Traditionally, Japanese knives are flat on one side (usually the left) and bevelled or hollow ground on the other, with a cross section resembling one side of an equivalent western style grind. Often these knives are actually hollow ground on the "flat" side as well, but in parallel to the centerline of the blade making them effectively flat. For the purpose of this text however we will refer to this side as the "flat" side. Due to this asymmetric shape, Japanese single bevel knives are not ambidextrous like Western and Scandinavian style knives. When used in the wrong hand, they will tend to drift and turn in the direction of the flat side while slicing. Left handed knives are extremely hard to find and often times have to be custom ordered. The benefit of this design however, combined with the already thinner design of Japanese style knives, is that they can be made extremely sharp compared to most western knives of similar use. This lends to the fine, intricate cutting styles of traditional Japanese cuisine. Japanese Single Bevel knives are also usually designed for specific purposes, such as preparing sashimi or slicing vegetables, making it more important to have the right knife for a given task. Japanese Single Bevel knives are sharpened on only one side and care must be taken not to remove any more material than necessary from the flat side of the knife. Improper sharpening will result in either a knife that doesn't slice as well as it should, a knife that turns sideways as you slice, or both.

The Japanese Double Bevel

Also known as Japanese Western knives, this design is a more recent innovation and stems from the increased European and Western influence in Japan following World War II. After the war, more western knives and western foods were introduced into the Japanese culture. Fine, purpose-built, Single Bevel knives, however, could not provide a wide enough range of use to deal with these changes. So Japanese manufacturers took a page from the western book on knife making and began creating knives that were bevelled on both sides. At first glance, it seems this would create a knife no different from any western style knife. This is not the case however, since these manufacturers didn't entirely dismiss their traditional, asymmetrical Japanese style. The defining difference between Western Style and Japanese Double Bevel knives is that Japanese Double Bevel knives are ground more on one side than the other, creating an asymmetrical blade cross section. This makes Japanese Double Bevel Knives among the hardest to sharpen because, unlike Single Bevel knives which are sharpened on only one side, Japanese Double Bevel knives are sharpened on both sides, but must be sharpened more on one side than the other, depending on how asymmetrically they're designed. This style is a compromise between the versatility of Western Style knives and the fine slicing capability of Japanese Single Bevel knives. Their asymmetric design means however that this grind is not ambidextrous and thereby suffers the same shortage of left handed knives as the Japanese Single Bevel style.

The Scandinavian Style

The Scandinavian Style consists of only one blade grind and thereby is more

commonly known simply as the Scandinavian Grind. Commonly

called the Scandi or V grind, it originated in the Nordic countries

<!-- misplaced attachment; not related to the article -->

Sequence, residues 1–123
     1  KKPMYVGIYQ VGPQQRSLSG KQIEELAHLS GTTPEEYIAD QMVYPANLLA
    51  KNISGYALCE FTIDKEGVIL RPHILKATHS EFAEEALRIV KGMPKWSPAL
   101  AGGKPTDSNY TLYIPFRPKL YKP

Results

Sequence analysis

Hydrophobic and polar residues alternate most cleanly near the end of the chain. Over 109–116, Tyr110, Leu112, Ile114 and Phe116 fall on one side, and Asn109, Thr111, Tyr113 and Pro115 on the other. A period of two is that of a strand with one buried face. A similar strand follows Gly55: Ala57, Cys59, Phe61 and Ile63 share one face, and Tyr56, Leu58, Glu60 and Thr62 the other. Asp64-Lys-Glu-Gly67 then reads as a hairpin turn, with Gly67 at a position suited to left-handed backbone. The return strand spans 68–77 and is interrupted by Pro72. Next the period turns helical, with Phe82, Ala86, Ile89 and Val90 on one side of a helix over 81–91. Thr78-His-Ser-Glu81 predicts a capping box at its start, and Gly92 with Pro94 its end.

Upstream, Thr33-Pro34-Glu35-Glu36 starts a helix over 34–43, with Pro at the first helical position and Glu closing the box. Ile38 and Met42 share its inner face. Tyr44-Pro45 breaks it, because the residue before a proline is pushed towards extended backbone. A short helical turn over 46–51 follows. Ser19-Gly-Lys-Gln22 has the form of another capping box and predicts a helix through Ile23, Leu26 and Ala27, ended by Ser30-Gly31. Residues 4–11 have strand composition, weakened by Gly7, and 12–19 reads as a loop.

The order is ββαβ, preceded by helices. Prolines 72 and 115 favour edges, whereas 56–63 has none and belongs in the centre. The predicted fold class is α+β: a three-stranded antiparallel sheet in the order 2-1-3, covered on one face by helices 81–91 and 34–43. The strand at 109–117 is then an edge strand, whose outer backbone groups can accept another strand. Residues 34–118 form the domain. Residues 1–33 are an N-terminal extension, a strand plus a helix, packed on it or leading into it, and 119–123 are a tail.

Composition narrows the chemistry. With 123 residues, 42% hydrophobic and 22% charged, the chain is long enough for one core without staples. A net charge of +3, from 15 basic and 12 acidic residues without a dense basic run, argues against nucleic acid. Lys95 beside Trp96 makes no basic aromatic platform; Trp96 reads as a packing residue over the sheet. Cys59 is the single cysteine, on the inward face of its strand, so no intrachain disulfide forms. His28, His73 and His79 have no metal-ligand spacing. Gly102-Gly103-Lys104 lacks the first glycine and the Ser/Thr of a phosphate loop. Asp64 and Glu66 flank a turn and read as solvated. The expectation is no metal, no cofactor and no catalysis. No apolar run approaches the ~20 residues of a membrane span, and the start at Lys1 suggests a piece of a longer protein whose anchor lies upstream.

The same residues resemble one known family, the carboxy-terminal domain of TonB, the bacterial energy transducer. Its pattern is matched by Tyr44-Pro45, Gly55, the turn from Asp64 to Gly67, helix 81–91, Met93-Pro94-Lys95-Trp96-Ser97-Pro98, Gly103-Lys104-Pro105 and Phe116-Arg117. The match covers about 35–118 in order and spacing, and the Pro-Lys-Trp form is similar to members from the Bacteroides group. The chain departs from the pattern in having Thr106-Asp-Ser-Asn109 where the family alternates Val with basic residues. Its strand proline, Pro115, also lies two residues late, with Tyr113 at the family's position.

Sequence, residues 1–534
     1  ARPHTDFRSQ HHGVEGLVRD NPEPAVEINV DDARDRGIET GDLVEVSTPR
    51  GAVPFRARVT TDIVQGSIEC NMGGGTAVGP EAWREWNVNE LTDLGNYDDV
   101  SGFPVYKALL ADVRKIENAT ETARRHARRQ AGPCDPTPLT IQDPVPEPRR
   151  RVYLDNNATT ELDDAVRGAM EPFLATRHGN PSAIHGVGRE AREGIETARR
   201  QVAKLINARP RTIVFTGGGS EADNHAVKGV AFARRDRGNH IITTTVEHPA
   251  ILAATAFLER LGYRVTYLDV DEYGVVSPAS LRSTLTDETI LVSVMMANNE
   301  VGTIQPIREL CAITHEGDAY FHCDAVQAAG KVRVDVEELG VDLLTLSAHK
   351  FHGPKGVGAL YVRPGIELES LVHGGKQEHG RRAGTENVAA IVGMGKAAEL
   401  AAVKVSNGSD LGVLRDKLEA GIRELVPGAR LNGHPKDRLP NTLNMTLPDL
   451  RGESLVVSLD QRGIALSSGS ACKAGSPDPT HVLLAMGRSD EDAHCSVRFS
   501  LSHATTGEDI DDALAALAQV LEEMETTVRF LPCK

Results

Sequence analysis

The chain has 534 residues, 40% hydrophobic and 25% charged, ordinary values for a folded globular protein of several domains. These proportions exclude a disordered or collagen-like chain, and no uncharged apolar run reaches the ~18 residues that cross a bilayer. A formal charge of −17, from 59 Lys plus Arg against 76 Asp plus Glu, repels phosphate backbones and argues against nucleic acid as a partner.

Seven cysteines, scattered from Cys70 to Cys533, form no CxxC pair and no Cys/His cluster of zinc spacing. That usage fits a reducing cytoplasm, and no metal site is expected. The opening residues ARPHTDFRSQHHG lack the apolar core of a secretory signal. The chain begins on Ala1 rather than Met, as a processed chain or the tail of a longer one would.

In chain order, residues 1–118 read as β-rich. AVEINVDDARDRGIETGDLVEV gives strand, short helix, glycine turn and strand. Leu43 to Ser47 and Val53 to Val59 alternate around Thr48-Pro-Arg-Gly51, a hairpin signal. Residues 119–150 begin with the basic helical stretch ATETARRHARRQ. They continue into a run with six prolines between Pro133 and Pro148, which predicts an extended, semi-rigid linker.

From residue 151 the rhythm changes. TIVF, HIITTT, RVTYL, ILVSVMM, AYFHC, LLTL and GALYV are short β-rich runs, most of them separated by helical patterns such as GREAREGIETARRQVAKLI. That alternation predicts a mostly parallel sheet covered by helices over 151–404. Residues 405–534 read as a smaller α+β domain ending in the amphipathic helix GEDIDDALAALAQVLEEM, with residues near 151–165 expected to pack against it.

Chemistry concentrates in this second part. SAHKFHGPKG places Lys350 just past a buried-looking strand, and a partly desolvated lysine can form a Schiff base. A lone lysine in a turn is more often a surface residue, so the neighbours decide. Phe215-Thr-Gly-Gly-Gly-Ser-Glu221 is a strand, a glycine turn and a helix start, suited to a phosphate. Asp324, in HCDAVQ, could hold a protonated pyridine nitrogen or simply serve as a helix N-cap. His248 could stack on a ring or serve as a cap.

as a multipurpose camp and bush knife and has since gained some degree of

popularity around the world. This grind is very similar to the Sabre grind

discussed above, the only difference being that there is no small secondary

bevel added to create a cutting edge. Due to its great similarity to the

Sabre grind, it can actually be transformed into a Sabre grind during

sharpening by simply adding a small "micro bevel" to the edge. This can be

done intentionally, or can be the result of an improper sharpening technique.

The proper and traditional method to sharpen the Scandinavian grind

however, is to grind the entire surface of the bevel on a flat stone, with great

care being taken to not deviate from the original angle of the bevel, as this

will result in poor edge quality, unsightly marring of the bevel, or both.  This

grind results in a strong, yet extremely sharp blade, capable of taking a good deal of abuse. Due to the rapid increase in the width of the edge and often thick nature of this style of blade however, its slicing performance through thicker materials is often diminished.  As a result of these attributes, this grind mostly sees use in bushcraft, outdoor and especially in woodworking knives.

Blade Profiles



A blade's profile is the shape of the blade when looking at it from the side. There are dozens, if not hundreds of blade profiles in existence, with a few common ones including the drop point, clip point, tanto, reversed tanto, sheepsfoot, recurve, spearpoint and others. However the only profiles of consequence to sharpening are the ones that define the shape of the cutting edge. These usually fall in one of three categories.


The first and most common is a normal plain edge blade. This category includes everything from kitchen knives to Bowie knives. This is the most basic edge profile and can be sharpened using a number of different tools and techniques.


The second is the recurve. In a recurve blade the edge of the blade and oftentimes the entire blade sweeps downwards as you approach the tip of the blade. A good example of a recurve knife is the kukri style chopping knife. Recurve blades also find their way into pocket knives, hunting knives and just about every other category of knife, except perhaps kitchen knives. Recurves must be sharpened on either belted or rounded tools in order to evenly sharpen the inside radius of the edge without marring it.

The final category is serrated knives, which can essentially be defined as any knife with a series of alternating teeth and "valleys" called gullets along the cutting edge. Serrations are the hardest to sharpen because they must be sharpened by thin rounded hand tools, as no other sharpening tool can grind the insides of the gullets of the serrations.

Diagram of knife blade geometry
Scandinavian vs sabre grind
Knife blade profiles